The No. 1 reason most people I know stick with Microsoft is because
Windows is the best platform to run Outlook. Yes, you can run Outlook
on a Mac, but it's not the same -- unless you run Windows in a virtual
machine (such as VMWare's (VMW)
"Fusion" or equivalent). Apple's own
address book, as well as Google's, simply doesn't have the functionality
For example, Apple's own address book is limited to 25,000 users, as
is Google's, and you can't customize the views to sort columns on any
criteria you want. There are millions of users out there who have
converted everything they can to Apple and/or Google, but they still
keep an old Microsoft PC around for the sole purpose of running
So here was Microsoft with an exciting new platform that had a
legitimate claim for an enterprise sweet spot that Apple and Google
could not claim in the same way, and ... whoops, Microsoft just shot
itself in the foot by excluding the one critical piece of the puzzle.
There is a special place on a wall of shame for those who are so
stupid to have missed this critical point in the product planning.
Ballmer, wake up!
Then came June 18, and Microsoft's surprise announcement of the two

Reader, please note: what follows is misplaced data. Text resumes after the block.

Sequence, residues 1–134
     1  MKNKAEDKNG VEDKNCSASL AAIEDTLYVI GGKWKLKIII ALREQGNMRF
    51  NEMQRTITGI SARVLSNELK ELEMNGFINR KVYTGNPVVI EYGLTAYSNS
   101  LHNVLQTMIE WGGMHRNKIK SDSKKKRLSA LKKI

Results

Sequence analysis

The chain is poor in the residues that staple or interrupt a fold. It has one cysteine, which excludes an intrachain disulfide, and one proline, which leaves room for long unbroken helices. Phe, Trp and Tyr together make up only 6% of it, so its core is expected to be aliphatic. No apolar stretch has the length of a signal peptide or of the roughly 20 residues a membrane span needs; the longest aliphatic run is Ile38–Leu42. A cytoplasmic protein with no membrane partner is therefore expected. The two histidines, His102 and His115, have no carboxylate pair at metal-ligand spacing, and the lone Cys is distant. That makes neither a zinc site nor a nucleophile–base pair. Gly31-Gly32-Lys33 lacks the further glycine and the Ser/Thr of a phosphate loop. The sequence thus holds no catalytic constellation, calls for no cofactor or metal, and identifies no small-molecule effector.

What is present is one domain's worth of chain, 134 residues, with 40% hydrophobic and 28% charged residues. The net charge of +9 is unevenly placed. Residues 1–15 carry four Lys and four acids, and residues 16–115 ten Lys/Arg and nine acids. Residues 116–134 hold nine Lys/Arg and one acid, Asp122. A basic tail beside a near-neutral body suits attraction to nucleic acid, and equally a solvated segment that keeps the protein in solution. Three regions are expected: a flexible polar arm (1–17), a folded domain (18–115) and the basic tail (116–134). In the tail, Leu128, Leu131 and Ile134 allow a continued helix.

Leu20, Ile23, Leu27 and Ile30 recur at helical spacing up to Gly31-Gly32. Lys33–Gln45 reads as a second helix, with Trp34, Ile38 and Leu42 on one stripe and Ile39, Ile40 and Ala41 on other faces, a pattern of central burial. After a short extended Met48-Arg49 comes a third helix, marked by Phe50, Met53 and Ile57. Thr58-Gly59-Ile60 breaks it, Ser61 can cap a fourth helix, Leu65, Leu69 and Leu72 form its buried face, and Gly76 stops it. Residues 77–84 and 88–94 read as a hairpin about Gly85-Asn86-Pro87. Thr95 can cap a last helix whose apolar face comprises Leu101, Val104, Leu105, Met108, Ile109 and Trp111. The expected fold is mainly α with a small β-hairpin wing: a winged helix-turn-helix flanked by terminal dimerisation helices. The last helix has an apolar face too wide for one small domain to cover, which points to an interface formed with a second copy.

Surface tablets -- one based on ARM technology (built by NVDIA in this case) and the other based on x86. Let's distinguish between
the two: The ARM version won't offer Outlook, whereas the x86 version
will run Outlook. In other words, the ARM version is doomed for the enterprise market, whereas the x86 version passes at least this hurdle.
But there are two more issues with both versions of the Surface tablet that will further hobble the enterprise version: screen size and keyboard.
For enterprise productivity, most workers want a device that's
got at least a 12.1-inch screen. The Surface tablets are 10.6 inches. Game over, good night, roll down the curtain.
The screen size also largely determines the size and nature of
the keyboard. There are three problems for the Microsoft Surface's keyboard:
1. It most likely is too small, because of the 10.6-inch screen size.
2. At least one of the keyboards Microsoft showed was flimsy. This
will work OK on a hard and flat surface, but how about trying to
work with it in your lap? It's called a lap
-top after all. Try
writing something with a pencil on a single 8.5 x 11 inch sheet of paper in
your lap, and you get the drift.
3. A keyboard attached to a tablet will also be top-heavy. Again, if
it's not flimsy, it will still be a bit difficult to deal with in your
lap. How would the screen stay up? Microsoft Surface has a stand to
allegedly compensate for this, but although it works on a flat
table, of course it is essentially impossible to use in your lap.
Bottom line on Microsoft Windows 8 in the form of its own Surface
tablets: fail, fail and fail.
What about regular x86 Windows 8 for laptops and desktops? Well, the
answer is divided into two parts of the market: Consumer and
1. Consumer: These users are fleeing Microsoft by the droves into